Indonesia has been gradually building a system for better patent licensing. However, progress has been in stops and starts. The previous regulation has now been replaced.
2 weeks ago the Minister of Law and Human Rights has issued Regulation No. 30 of 2019 called Procedures for the Granting of Compulsory Patent Licensing. The Regulation sets out detailed procedures for the granting of compulsory patent licenses.
It replaces both the 2018 regulation mentioned above and regulation on the penalties for non-working or implementing patents in Indonesia. This will affect trademark registration Indonesia, too
The background briefly is that Indonesia has, since its first patent law in 1991 required patents to be worked or implemented in the country. For decades there was no sanction for non-working. The government recently announced that to encourage manufacturing patents must be worked or could be lost.
A complex system to extend the non-working period and grounds was set out. Many patent holders complained that many technologies simply could not be made in Indonesia either at all, or economically, so those patent owners faced losing their patents (possibly a breach of TRIPS). One sanction for the nonworking of a patent was to be compulsory licensing.
This new 2019 regulation creates a slightly different framework. It covers full patents and also simple patents. Three separate grounds for compulsory licensing are provided:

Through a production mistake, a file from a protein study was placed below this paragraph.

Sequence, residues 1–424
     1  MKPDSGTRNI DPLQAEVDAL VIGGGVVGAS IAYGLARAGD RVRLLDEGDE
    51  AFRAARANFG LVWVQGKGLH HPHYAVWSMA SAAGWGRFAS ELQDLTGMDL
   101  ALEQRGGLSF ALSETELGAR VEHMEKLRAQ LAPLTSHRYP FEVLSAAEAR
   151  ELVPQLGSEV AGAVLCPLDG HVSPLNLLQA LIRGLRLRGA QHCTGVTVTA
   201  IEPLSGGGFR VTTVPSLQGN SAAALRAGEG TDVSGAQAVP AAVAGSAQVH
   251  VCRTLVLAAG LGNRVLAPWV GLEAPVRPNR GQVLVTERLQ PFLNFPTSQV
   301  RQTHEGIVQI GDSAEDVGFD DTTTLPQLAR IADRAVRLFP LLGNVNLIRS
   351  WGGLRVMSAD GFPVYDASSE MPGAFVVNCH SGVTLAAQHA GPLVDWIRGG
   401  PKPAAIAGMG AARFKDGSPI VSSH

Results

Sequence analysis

a. Failure to work a patent within 3 years
b. Implementation of a patent is contrary to public interest
c. It is not possible to implement a patent because of the existence of prior more basic patents
The first two grounds can be utilized by the government or third parties. The third allows the government or a patent owned to seek a compulsory license. Applicants for compulsory licenses must be able to demonstrate that they can and will use the patents to be licensed; and they have tried to seek a license already.
The basis of a decision to grant one must be that it is economically feasible and must offer benefits to the general public. Limits to the grant may be provided to avoid harming the public interest. There are special provisions for semiconductors, due to concerns from the smartphone supplier industry. After a grant royalties must be paid to the patent owner.
The differences over the previous system are twofold. One is that there appears to be far more detail about how and why a decision to grant a compulsory license will be made. Secondly, there appears to be a requirement of public benefit in Indonesia. This suggests a fairer procedure over and above the rather arbitrary sounding decision process contemplated previously.
A detailed procedure is also set out; first a formalities review then a substantive examination of the issue by an expert team before the decision is made. What is not at present clear is how the patent holder is to be granted the right to make representations, which appears to be set out in the grounds.
In principle, this looks a more balanced system, but until we see applications and grants it will remain unclear. It is not really obvious which industries will use this, given Indonesia does not have advanced manufacturing in every tech sector.
A further complexity relates to the requirement for patent owners to work their patents. This rule still exists, and patent owners can still apply to delay the working of any patent for up to 5 years by special application to the IP office. It remains critical to file these to defer the risk of compulsory licensing.